Radiant Floor Heating Systems in Albuquerque, & Santa Fe
Radiant in-floor heating systems have grown in popularity because of the ability to heat your home from the ground up, providing your home with more comfortable heating. Radiant heating heats the entire room evenly. The system’s heat is provided by hot water through a boiler or by electricity. Radiant heat is usually only an option in a new home because the heating coils are installed in the concrete underneath the flooring.
How Radiant Heat Works
Coils are installed underneath flooring in the concrete flooring. The coils are heated by a boiler that heats the water flowing through the coils. Or a less common option is to install coils that are heated by electricity.
Hot Water Radiant Heat System
These are the most common radiant heat systems for homes. The boiler heats the water that runs through the tubing underneath the flooring to provide the heat. These systems are energy efficient and provide an even temperature. Plus they feel comfortable at lower temperatures.
Electric Radiant Floor Heating Systems
Electrical systems are not an ideal primary heating system because of the high energy costs. But you may have these systems as supplemental heating in individual rooms like bathrooms or kitchens. Typically they are installed when making flooring updates or remodels to a home.
Zone Heating Thermostats
Unlike furnaces or forced air heating, radiant heating systems will have multiple thermostats spread out through the home. Each zone has its own thermostat for a room or area. You can adjust the temperature in each area with radiant floor heating systems.
Hot Water Radiant Floor Maintenance
We typically recommend that you get your radiant heat system inspected and maintained by a professional each year, prior to winter. Your hot water (hydronic) radiant heat system is powered by a boiler system. It’s vital to your systems performance to get it regularly maintained. As part of your maintenance an HVAC company like TLC will inspect and perform the following:
- Boiler Startup & Maintenance
- Inspect & Test Ignition System
- Inspect & Test Zone Valves
- Check Expansion Tank
- Check Air Removal Device
- Check Temperature Rise from Thermostats
- Carbon Monoxide Test at Boiler
- Test Pump Operation
Electric Radiant Heat Maintenance
Electrical radiant heat systems are typically used as supplemental heating for most homes. Often times they are installed in a small area like a bathroom or kitchen. These types of systems typically don’t require much maintenance since they are used on demand. They are controlled by the thermostat. There aren’t really any moving parts that need maintenance other than checking the batteries in the thermostat.
What Should I Set My Thermostat To?
This is a very common question we get, especially if homeowners are new to radiant heat. Here are some quick easy tips to maximize your comfort.
- It typically takes approximately 24-hour for your system to reach the desired temperature.
- A setting of 68 degrees will heat the room to approximately 70 degrees.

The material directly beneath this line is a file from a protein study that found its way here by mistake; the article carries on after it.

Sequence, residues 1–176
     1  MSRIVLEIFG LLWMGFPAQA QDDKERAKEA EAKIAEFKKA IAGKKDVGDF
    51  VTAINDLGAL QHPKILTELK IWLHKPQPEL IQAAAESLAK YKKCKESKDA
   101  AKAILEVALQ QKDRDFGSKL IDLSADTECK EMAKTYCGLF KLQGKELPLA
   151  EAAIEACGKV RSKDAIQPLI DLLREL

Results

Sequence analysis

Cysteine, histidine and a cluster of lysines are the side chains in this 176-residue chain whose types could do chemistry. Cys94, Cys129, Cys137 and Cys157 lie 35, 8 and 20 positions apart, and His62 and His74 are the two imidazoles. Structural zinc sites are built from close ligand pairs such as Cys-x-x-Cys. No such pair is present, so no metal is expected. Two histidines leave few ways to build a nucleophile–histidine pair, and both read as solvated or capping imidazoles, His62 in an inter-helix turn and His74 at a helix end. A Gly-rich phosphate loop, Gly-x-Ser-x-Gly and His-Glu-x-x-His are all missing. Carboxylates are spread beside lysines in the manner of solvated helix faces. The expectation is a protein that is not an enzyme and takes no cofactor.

- Always set the thermostat to a few degrees lower than your desired temperature.
- Set all your thermostats to a similar setting in all the rooms you are using.
- If you have a room you don’t use very often set the thermostat to approximately 62 degrees.
- Once your system has reached the desired temperature leave the thermostat alone. Because it takes a while for the system to reach the desired temperature you don’t want to constantly be adjusting it.
Common Radiant Heat Repairs
If you are experiencing problems with your radiant heat system we recommend you call a professional to troubleshoot and evaluate your system. Boilers operate under high pressure and high temperatures we don’t recommend you attempt to troubleshoot on your own. It is always better to err on the side of caution.
Radiant Heat Installation
Radiant heat installation is very easy to install when a home is being built. However, if you would like to convert to radiant heat after your home has been built it can present some challenges. On the other hand it is quite easy to have electric radiant heat installed in small areas like bathrooms and kitchens. See more about each type of install below.
Hot Water Radiant Heat Installation
Hot water radiant heat systems are designed to be used as the primary heat source for the home. These types of systems are usually installed as part of the building of a new home. However, it is possible to modify your home for radiant heat but it is a rather involved process. Here are some things to consider:
- All flooring will have to be removed in the home to lay the radiant heat system and tubing.
- Walls will have to be cut open to install the control valves in each zone.
- You will need to have a boiler system installed to provide hot water through the system.
- All doors throughout your home will have to be modified since the floor will be slightly raised after the installation is complete. This is usually done by taking an inch or two off the bottom of every door in the home.
Electric Radiant Heat Installation
This type of radiant heat is usually only added to small areas your home as a supplemental heat source. Electric radiant heat doesn’t make sense throughout the home due the the high electrical costs. But perhaps you want a warm tile floor when you enter your bathroom or kitchen during winter, then electric radiant heat is a good choice. TLC’s remodel team does a lot of radiant heat installation as part of bathroom and kitchen remodels, like the one pictured here. Installation usually happens when the flooring is being replaced in these areas.